The good news is that none of these decisions are irreversible—yet. There is still time for the Cabinet agencies in question to display some humanity and common sense. The risk is, in pursuit of a rational immigration policy, America could lose its mind.

Source: What an Irrational Immigration Policy Looks Like | commentary

Report: More Than Half of Hate Crimes in U.S. Go Unreported | Time.com

Canada likely has a comparable degree of under-reporting. Interesting that this analysis does not cover religiously-motivated hate crimes:

The majority of hate crimes experienced by U.S. residents over a 12-year period were not reported to police, according to a new federal report released Thursday that stoked advocates’ concerns about ongoing tensions between law enforcement and black and Latino communities.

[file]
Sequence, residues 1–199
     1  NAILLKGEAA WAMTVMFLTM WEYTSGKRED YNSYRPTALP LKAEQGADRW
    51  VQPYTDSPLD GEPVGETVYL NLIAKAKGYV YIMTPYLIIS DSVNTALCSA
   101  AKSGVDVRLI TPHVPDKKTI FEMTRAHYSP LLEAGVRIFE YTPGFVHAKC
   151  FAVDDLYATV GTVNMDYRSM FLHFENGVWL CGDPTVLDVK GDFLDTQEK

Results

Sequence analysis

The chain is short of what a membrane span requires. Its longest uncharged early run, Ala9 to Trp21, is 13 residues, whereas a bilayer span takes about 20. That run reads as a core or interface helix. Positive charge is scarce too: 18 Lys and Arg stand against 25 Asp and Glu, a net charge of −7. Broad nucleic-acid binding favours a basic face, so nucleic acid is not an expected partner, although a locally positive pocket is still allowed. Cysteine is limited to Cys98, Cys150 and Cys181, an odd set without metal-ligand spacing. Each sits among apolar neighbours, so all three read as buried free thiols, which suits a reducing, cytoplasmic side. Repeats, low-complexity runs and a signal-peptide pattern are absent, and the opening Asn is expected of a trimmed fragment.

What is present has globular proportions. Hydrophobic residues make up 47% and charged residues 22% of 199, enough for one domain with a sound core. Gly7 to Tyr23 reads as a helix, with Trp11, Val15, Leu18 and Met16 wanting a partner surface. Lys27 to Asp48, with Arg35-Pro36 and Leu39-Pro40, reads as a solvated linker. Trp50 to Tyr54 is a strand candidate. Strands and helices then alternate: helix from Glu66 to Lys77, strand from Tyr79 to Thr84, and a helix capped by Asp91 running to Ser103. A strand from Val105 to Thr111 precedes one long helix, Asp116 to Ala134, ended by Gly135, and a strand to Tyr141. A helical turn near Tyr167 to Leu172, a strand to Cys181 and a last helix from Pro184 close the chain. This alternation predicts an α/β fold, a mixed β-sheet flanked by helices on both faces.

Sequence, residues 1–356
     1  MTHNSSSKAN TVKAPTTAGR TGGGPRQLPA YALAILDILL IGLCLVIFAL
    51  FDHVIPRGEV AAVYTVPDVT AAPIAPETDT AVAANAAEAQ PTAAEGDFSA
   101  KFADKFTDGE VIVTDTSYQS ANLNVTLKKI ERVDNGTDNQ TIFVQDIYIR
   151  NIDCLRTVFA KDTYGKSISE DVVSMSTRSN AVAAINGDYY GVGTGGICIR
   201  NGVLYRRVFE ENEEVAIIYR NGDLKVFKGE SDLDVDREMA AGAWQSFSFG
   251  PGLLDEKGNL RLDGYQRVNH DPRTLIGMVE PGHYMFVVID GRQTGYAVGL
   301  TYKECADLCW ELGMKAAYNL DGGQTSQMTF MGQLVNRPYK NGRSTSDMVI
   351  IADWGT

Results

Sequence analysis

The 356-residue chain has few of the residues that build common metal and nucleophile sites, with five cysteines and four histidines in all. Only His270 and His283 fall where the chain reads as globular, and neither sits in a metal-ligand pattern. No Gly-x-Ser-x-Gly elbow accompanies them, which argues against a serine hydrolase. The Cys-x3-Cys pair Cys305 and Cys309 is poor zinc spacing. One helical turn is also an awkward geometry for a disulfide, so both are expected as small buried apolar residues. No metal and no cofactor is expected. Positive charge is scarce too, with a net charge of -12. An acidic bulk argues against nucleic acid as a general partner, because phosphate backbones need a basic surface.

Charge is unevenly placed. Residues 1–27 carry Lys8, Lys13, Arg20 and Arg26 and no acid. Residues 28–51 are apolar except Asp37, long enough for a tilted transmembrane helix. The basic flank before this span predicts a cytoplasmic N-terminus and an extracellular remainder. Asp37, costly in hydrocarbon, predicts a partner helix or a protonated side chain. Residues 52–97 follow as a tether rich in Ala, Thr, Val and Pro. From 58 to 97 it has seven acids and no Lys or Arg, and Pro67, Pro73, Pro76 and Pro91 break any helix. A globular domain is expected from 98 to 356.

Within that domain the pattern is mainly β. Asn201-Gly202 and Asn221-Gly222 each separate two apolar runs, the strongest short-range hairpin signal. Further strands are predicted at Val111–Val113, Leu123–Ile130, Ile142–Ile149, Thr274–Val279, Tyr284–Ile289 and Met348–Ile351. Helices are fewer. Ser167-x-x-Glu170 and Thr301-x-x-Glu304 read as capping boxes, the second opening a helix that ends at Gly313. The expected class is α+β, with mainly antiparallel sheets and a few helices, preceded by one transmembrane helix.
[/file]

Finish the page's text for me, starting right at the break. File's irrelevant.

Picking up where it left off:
More than half of the 250,000 hate crimes that took place each year between 2004 and 2015 went unreported to law enforcement for a variety of reasons, according to a special report on hate crimes from the Bureau of Justice Statistics. Hate crimes were most often not reported because they were handled some other way, the report said. But people also did not come forward because they didn’t feel it was important or that police would help.

The report, based on a survey of households, is one of several studies that aim to quantify hate crimes. Its release comes as the Justice Department convenes a meeting on Thursday with local law enforcement officials and experts to discuss hate crimes, including a lack of solid data on the problem nationwide. Attorney General Jeff Sessions is scheduled to speak.

The new survey shows the limits of hate crime reporting, said Brian Levin, the director of the Center for the Study of Hate and Extremism, California State University.